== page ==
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IMPROV STUDENT RESOURCES
- Improvise: Scene from the Inside Out by Mick Napier
- The Truth in Comedy by Charna Halpern
- Pirate Robot Ninja: An Improv Fable by Billy Merritt & Will Hines
- Upright Citizens Brigade Comedy Improvisation Manual by Amy Poehler, Matt Besser, Ian Roberts, & Matt Walsh
- How to be the Greatest Improviser on Earth by Will Hines
- Improv Therapy: How to get out of your own way to become a better improviser by Jimmy Carrane
- Impro: Improvisation and the Theatre by Keith Johnstone
- Improv Wisdom: Don’t Prepare, Just Show Up by Patricia Ryan Madson
- The Improv Handbook: The Ultimate Guide to Improvising in Comedy, Theatre, and Beyond by Tom Salinsky
- Free Play: Improvisation in Life and Art by Stephen Nachmanovitch
- Group Improvisation: The Manual of Ensemble Improv Games by Peter Gwinn
- Impro for Storytellers by Keith Johnstone
- The 6 Steps to Getting Better at Game
- Curtis Retherford on framing, game, and justification
- improv4humans – available on Spotify & Stitcher – Matt Besser of UCB hosts a rotating cast of himself + 3 improvisers as they discuss current events or personal matters and perform improvised, audio only scenes (often in the structure of a Harold or a Living Room)
- Comedy Bang Bang – available on Spotify & Stitcher – Scott Aukerman hosts an interview style character improv show in which different comedians and improvisers join Scott to discuss anything under the sun – everything that is said and done on the show is completely improvised and while there is no proper break out into scene work, the entire show is structured to engage a prepared character in uncertain circumstances
- Stormchaser The Podcast – available on Spotify, Stitcher, & iTunes – Anatasha Blakely, Travis Cox, and Andrew Pish of UCB/Second City/iO West, host a series of discussions regarding the world of improv – rotating between episodes of interviews with veteran improvisers from all over the country, improv terminology (mini episodes), and game tape breakdowns (where they watch back and critique their own improv performances)
- Exploring Improv – available on iTunes – Andy Barrett hosts a series of interviews with improv teachers from all over the country discussing all things improv; from improv techniques, to teaching styles, to different exercises, and beyond, this is a fantastic resource for diving into the minds of your favorite instructors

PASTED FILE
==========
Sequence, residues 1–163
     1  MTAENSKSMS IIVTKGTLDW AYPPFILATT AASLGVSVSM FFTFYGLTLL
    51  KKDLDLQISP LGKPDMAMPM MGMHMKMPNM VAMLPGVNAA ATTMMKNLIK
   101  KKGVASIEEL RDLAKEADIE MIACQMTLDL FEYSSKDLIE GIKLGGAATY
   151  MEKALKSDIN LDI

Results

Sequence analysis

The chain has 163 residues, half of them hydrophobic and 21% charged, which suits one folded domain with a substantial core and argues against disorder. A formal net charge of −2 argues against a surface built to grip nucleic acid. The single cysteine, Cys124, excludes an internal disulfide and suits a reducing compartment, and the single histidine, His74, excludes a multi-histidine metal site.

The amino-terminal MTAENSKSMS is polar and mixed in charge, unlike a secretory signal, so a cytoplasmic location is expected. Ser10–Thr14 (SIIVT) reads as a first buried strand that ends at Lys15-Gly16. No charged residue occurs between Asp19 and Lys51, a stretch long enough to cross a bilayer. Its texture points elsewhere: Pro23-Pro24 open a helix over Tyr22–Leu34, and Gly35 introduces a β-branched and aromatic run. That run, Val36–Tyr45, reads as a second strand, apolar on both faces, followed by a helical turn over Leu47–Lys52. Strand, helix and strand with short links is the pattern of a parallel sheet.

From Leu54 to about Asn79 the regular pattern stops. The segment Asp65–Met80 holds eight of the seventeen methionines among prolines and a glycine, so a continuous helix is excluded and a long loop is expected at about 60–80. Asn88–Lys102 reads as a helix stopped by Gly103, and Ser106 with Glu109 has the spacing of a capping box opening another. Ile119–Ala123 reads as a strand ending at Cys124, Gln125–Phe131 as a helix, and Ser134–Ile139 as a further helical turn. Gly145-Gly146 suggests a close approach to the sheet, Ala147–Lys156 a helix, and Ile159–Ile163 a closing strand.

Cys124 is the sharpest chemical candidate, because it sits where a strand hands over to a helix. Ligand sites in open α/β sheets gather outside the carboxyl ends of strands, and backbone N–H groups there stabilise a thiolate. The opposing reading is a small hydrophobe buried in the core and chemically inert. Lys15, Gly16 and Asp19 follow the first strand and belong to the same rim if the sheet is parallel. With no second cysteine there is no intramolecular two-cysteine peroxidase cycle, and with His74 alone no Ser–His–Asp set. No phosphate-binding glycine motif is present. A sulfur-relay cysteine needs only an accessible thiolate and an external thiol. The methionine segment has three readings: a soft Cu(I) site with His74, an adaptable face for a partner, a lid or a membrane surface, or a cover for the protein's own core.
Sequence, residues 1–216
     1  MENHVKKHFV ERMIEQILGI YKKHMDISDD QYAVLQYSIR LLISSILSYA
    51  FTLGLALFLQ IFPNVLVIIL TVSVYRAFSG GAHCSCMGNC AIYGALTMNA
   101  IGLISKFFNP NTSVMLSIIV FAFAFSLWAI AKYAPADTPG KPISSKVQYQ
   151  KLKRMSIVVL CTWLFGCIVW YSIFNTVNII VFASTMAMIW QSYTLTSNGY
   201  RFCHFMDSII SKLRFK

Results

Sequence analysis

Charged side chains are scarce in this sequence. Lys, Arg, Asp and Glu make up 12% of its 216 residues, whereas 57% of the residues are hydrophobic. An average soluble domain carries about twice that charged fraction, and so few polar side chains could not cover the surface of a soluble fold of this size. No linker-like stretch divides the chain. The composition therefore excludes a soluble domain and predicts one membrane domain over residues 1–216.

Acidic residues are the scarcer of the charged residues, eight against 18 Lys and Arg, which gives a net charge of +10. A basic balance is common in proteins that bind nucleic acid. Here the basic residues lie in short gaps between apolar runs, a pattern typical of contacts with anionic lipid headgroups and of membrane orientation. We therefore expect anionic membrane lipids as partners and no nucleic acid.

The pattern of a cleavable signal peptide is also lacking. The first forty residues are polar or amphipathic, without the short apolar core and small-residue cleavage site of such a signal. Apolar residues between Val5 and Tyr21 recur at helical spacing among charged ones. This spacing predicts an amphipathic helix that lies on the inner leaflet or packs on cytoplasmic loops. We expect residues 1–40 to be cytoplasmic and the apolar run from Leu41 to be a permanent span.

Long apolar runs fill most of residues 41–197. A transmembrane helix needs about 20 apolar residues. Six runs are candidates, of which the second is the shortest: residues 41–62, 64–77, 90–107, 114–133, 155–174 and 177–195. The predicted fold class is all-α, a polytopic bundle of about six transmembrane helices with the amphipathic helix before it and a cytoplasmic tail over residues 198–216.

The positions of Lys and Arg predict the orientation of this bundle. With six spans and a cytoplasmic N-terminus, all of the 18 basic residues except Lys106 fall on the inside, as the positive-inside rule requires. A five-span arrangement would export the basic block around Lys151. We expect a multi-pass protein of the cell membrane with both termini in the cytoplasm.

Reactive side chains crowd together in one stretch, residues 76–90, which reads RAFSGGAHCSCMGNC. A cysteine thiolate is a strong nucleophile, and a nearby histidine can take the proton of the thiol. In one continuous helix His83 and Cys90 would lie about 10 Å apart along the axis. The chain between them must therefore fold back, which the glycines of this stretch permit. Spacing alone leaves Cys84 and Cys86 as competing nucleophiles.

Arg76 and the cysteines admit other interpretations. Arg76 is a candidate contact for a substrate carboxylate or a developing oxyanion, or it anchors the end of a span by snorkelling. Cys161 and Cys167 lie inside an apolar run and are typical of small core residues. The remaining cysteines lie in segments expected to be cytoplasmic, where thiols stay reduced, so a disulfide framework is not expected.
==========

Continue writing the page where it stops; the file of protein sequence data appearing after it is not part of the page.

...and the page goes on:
OTHER IMPROV RESOURCES:
PUNCH UP, PUNCH SIDEWAYS, BUT DON’T PUNCH DOWN.
Punching Up is making jokes at the expense of someone who is of higher power, class, or privilege. It is also called “speaking truth to power,” which is an expression for confronting authority figures, oppression, and injustices.
- Give a man a gun and he will rob a bank. Give a man a bank and he will rob everyone.
- Why do straight people even need dating apps? Don’t they meet each other at grocery stores?
Punching Sideways is making jokes at the expense of yourself and your own direct experiences and birthright.
Example from a Hispanic who is a burn survivor: I learned that when a Mexican catches on fire, it does not smell like fajitas.
Example from a non-cisgender person: When I was in Vancouver, we saw a road called the Trans Canada Expressway and I said, “What, was it assigned USA at birth?”
Punching Down is making jokes at the expense of people from historically marginalized and underrepresented communities based on age, disability, gender, marriage status, size, veteran status, pregnancy and maternity, race/ethnicity, religion, and sexual orientation. Punching down is insulting, offensive, and often bigoted. Punching down could mute underrepresented voices in comedy and reject inclusivity. Racist jokes, sexist jokes, gay jokes, rape jokes, ableist jokes, ageist jokes, are all examples of punching down. They are all at the expense of marginalized groups. Targeting marginalized groups continues to abuse the already abused. Always punch up. Never punch down.
- Question: Is Google male or female? Answer: Female, because it doesn’t let you finish a sentence before making a suggestion.